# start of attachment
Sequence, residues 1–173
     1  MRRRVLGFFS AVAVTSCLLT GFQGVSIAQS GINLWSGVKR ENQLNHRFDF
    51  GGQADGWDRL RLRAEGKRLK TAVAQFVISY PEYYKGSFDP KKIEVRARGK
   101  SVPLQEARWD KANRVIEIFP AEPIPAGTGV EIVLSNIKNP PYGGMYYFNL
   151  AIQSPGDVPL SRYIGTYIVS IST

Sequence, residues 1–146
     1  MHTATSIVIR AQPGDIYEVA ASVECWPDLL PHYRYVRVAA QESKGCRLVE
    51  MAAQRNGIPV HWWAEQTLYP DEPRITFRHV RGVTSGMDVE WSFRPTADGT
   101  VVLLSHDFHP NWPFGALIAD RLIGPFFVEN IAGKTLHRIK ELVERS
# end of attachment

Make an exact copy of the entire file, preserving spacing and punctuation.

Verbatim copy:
Sequence, residues 1–173
     1  MRRRVLGFFS AVAVTSCLLT GFQGVSIAQS GINLWSGVKR ENQLNHRFDF
    51  GGQADGWDRL RLRAEGKRLK TAVAQFVISY PEYYKGSFDP KKIEVRARGK
   101  SVPLQEARWD KANRVIEIFP AEPIPAGTGV EIVLSNIKNP PYGGMYYFNL
   151  AIQSPGDVPL SRYIGTYIVS IST

Sequence, residues 1–146
     1  MHTATSIVIR AQPGDIYEVA ASVECWPDLL PHYRYVRVAA QESKGCRLVE
    51  MAAQRNGIPV HWWAEQTLYP DEPRITFRHV RGVTSGMDVE WSFRPTADGT
   101  VVLLSHDFHP NWPFGALIAD RLIGPFFVEN IAGKTLHRIK ELVERS